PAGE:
Artist in Residence: Erin Redmond
Project overview: CHISTERA BITSCOPE
Erin has been working as an artistic liaison for the BITSCOPE project within the Insight SFI Research Centre at DCU and has been reaching out to art universities and institutions to increase engagement with the BITSCOPE Project. They have put out an Open Call for artworks to be included in the project and discussed this and other things to consider at the intersection of AI and Art at a BITSCOPE talk at the 2022 IEEE International Conference on Metrology for eXtended Reality, Artificial Intelligence, and Neural Engineering (IEEE MetroXRAINE 2022). They have been searching online for diverse artworks from different backgrounds to create a wide sample selection of artworks that will be used in the BITSCOPE research. They have been particularly focused on finding artworks from a varied number of genres and mediums and from as many cultures as possible in order to obtain more variety within the data collected. The image above is of one of the paintings that was submitted to represent the artworks they have been collecting.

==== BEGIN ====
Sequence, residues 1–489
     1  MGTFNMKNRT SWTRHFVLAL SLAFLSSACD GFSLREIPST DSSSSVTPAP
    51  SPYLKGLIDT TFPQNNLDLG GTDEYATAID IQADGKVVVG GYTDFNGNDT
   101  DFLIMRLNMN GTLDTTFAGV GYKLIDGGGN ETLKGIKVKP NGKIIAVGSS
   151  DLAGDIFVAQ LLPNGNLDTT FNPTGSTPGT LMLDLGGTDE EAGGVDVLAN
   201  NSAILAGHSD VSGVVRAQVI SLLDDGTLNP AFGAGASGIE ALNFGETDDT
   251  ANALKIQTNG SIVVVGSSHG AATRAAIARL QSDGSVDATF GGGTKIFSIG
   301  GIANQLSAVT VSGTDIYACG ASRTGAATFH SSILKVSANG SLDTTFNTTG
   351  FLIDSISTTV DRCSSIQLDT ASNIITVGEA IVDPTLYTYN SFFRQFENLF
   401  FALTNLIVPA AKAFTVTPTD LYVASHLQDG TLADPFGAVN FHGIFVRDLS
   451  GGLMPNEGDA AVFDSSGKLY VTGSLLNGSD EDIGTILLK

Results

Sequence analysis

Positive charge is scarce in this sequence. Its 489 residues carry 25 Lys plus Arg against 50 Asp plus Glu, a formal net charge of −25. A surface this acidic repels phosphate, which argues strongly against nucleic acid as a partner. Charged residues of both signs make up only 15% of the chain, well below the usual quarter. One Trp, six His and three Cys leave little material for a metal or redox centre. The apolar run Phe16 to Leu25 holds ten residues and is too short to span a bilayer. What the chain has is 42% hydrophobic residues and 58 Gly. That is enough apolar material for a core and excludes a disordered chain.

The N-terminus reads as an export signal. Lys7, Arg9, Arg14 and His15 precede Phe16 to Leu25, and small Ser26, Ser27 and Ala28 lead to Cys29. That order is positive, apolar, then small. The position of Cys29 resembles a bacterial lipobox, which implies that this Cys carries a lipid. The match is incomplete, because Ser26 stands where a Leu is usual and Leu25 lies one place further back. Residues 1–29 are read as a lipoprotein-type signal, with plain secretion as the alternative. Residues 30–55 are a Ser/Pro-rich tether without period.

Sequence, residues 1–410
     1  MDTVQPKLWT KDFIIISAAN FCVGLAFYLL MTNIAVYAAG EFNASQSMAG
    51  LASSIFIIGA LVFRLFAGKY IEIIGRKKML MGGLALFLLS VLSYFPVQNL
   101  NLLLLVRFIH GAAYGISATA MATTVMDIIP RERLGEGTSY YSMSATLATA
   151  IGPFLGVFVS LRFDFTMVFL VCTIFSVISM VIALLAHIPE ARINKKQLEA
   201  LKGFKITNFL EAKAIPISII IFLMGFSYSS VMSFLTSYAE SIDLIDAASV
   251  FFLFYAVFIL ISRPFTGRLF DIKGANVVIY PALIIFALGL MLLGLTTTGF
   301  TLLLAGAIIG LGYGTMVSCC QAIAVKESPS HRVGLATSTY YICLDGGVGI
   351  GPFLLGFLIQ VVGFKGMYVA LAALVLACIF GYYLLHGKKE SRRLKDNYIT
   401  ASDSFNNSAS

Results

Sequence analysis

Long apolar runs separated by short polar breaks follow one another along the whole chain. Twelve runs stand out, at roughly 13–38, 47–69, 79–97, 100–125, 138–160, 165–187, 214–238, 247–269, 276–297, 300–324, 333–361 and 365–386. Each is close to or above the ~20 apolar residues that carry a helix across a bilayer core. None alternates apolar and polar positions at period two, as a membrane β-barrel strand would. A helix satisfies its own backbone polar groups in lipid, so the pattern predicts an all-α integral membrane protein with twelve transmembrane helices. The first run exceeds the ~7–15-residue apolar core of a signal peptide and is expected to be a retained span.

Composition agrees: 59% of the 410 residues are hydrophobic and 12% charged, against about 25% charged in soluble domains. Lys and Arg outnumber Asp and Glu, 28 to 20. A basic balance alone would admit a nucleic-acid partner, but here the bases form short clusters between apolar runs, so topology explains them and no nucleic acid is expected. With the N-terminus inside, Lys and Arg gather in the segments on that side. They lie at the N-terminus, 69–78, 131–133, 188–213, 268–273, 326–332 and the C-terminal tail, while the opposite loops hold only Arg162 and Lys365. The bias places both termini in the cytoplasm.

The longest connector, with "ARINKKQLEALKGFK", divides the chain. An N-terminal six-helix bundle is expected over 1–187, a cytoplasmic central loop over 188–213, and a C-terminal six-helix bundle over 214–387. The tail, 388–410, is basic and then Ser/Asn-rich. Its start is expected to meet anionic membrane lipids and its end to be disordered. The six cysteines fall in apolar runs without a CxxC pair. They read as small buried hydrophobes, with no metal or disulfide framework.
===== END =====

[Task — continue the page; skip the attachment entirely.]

Erin Redmond is a visual artist based in Dublin and is a member of A4 Sounds Studios.
Their practice inhabits a space between art, science and ecology and has elements of sculpture, installation art and participatory/interactive art. Their work often materialises in the form of large-scale sculptural and architectural interventions that are a way to spread awareness about environmental issues such as plastic pollution and climate change. They are concerned with the relationship between humans and the natural environment and how we can limit our negative impact on it.
Their installations have been created using a variety of recycled and biodegradable materials such as newspaper, coffee sacks, plastic wrappers/bottles, seaweed, soil and living plants such as runner beans and wildflowers. Their current work-in-progress is uses recycled fabric swatches collected from Recreate in Dublin, which are being hand stitched into a large-scale sculpture of an octopus for an exhibition at The LAB gallery later this year.
Their practice lies in the broad context of contemporary art that is concerned with social gathering, sustainability and developing more environmentally aware ways of creating artworks.